e want to double our revenues by 2020.” If that’s the mantra at your organisation – as it is for many following a period of decline or tepid growth – you are likely to be already wrestling with the elephant in the room: Just how exactly to achieve this?First, there is the
feasibility to consider: in order to achieve this target, what would that imply for your future market share? How will you compete and differentiate to achieve this? What is the basis of belief to support a new market entry? Second, there is the
feasibility: In short, is your operating model ﬁt for purpose? This is where many companies falter. (By operating model we mean something speciﬁc: how you are conﬁguring your organisation, people, processes and technology to deliver on your strategy). Many are so consumed with answering the ﬁrst set of questions that they overlook the second. They assume that the operating model that helped them grow this far will see them through their next wave of growth.But that would be to underestimate the nature of growth that we have witnessed over the last decade and the complexity that companies face in executing their growth agendas.
Three critical sets of decisions
The good news is that the work to assess and, if necessary, re-invent your operating model, requires clarity around only three major sets of decisions:
What is the scale-able customer offer? (strategic portfolio vs. organic portfolio)
Where is work done and who makes decisions? (centralised vs. decentralised vs. hybrid)
How is work done? (standardised vs. bespoke processes)
The right customer offer (strategic portfolio vs. organic portfolio)
Your operating model is the bridge between your strategy, on one hand, and your organisation and processes on the other. The right customer offer, as articulated in your product and service portfolio, is the area that most frequently falls between the cracks. For example, between the strategic decision to “grow the medical devices business in China” and your supporting sales processes, there is a signiﬁcant space which, left untended, can become overrun with a proliferation of products and services. Hence the ﬁrst set of questions to explore is: What is the right portfolio for scaling, that is supportable at customer-set service levels, and which represents a winning level of breadth and depth? Implicit here are two facts: 1) in most companies there area high levels of proﬁt concentration (representing the opportunity for focus) and 2) in all companies, there are resource constraints. Therefore, to achieve growth in new markets, with new products, with new ways of servicing customers, it requires a more deliberate and effective use of resources.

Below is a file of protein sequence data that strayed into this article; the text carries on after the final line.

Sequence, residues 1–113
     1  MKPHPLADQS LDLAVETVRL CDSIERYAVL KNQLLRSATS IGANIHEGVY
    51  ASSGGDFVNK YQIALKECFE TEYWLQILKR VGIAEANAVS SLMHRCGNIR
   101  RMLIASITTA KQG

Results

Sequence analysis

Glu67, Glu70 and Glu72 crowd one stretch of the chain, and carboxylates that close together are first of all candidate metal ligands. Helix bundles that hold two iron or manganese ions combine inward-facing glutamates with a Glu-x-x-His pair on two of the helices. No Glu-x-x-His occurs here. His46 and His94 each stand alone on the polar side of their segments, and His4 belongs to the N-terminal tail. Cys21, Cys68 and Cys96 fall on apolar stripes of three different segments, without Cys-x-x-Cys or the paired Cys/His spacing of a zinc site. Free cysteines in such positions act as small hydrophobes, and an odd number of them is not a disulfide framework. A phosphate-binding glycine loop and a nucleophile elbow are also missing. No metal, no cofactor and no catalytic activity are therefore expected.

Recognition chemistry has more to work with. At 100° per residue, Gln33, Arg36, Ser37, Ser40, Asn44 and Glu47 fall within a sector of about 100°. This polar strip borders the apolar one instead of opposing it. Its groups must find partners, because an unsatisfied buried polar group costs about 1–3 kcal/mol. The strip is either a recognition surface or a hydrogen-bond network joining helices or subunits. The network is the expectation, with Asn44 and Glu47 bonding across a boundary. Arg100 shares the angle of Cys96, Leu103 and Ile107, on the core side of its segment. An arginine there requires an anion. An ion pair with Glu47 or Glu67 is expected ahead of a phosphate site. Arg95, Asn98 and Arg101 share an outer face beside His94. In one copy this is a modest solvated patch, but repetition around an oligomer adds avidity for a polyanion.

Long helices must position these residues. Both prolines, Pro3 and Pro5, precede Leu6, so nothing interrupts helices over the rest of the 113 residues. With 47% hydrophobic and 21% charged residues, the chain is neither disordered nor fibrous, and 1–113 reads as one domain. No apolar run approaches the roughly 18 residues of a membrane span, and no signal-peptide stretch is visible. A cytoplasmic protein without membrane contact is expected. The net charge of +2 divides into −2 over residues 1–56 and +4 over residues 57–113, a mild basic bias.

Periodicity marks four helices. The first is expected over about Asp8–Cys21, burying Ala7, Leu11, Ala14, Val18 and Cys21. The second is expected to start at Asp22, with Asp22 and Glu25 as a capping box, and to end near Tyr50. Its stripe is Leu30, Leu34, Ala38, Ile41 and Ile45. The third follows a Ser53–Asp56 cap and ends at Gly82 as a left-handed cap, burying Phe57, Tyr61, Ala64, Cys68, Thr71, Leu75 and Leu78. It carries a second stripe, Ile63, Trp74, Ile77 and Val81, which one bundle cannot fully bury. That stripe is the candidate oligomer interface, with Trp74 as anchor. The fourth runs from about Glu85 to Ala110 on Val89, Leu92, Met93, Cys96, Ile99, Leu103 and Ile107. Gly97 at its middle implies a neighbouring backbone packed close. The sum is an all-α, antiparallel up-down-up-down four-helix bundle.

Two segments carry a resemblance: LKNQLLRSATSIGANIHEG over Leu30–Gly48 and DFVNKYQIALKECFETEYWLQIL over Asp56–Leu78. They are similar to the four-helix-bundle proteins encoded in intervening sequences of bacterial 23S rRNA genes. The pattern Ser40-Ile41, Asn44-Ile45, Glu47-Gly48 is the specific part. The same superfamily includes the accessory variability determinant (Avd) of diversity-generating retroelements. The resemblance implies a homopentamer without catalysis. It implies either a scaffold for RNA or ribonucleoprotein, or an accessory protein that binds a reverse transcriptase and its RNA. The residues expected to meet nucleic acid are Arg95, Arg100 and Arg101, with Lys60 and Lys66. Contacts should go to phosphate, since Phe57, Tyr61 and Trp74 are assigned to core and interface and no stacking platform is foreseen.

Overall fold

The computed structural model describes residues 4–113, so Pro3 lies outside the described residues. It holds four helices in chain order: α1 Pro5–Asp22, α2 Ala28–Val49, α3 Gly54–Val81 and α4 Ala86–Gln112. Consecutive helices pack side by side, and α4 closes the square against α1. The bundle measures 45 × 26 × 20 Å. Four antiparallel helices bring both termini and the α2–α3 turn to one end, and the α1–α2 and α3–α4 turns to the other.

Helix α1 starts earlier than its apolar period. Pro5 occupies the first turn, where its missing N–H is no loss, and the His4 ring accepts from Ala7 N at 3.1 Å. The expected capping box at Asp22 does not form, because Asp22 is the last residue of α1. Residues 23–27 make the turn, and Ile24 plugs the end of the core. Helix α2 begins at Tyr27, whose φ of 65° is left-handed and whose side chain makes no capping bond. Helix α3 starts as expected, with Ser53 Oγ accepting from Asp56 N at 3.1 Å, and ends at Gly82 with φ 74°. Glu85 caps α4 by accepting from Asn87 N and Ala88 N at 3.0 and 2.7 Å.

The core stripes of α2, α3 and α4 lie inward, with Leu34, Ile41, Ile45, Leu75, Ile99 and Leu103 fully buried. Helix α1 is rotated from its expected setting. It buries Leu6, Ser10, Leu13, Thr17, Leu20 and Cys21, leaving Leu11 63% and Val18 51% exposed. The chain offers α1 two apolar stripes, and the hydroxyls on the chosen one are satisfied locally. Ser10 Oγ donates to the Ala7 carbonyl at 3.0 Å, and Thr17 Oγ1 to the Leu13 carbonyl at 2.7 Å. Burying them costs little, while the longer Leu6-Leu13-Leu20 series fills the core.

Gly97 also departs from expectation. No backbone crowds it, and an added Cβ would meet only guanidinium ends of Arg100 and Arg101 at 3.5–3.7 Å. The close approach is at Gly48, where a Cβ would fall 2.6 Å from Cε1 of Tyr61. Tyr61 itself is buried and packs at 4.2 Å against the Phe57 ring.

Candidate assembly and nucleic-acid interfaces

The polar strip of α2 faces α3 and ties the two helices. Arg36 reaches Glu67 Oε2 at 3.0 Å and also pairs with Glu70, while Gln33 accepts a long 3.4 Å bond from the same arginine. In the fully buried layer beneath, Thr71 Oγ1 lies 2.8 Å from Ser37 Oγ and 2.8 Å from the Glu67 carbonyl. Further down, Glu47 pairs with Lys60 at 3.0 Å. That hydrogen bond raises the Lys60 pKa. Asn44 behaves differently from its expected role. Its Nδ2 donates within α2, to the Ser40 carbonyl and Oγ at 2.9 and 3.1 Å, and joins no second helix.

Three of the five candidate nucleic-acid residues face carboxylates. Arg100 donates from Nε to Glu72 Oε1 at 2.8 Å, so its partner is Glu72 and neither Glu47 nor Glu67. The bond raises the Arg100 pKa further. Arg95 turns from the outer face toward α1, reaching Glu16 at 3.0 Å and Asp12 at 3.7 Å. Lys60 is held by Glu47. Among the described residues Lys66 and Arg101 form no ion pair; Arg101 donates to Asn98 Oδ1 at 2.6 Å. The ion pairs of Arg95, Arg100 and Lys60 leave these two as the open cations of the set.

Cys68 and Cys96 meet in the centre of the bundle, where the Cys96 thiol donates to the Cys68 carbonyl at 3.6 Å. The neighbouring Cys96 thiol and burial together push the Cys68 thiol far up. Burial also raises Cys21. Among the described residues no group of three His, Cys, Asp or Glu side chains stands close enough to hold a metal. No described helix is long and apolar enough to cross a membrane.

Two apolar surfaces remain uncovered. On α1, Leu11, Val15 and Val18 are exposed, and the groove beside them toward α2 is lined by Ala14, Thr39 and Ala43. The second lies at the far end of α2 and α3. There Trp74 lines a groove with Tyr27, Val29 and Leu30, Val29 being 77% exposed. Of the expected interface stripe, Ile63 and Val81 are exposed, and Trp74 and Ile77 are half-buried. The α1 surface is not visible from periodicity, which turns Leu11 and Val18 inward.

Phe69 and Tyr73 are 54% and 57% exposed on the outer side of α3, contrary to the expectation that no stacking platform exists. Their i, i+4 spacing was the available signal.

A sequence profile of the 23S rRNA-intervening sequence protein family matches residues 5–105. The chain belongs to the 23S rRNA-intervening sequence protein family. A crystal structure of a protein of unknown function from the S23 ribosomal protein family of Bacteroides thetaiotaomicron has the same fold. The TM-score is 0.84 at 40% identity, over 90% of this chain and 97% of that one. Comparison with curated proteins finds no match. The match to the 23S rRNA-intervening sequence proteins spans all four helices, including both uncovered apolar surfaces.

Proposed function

Answering the three questions that help you translate your growth plan into proﬁts, not complexity. By
Stephen A Wilson
2X BY 2020: DEVELOPING A GROWTH ORIENTATED MODEL
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In this example, this industrial company wanted to assess both the current operating margin of its product segments, after factoring in the associated costs of complexity, but also the pontential impact of scale on proﬁtability. The ﬁndings were not atypical: some segments (A) were proﬁtable today and got better with scale. Others were borderline today but improved with economies of scale (C,E,B). Finally, there were segments that even at signiﬁcant higher volumes failed to become proﬁtable, due to the inherent cost structure of these products or associated production/delivery complexity.
ASSESSING THE “SCALE-ABILITY” OF YOUR PORTFOLIO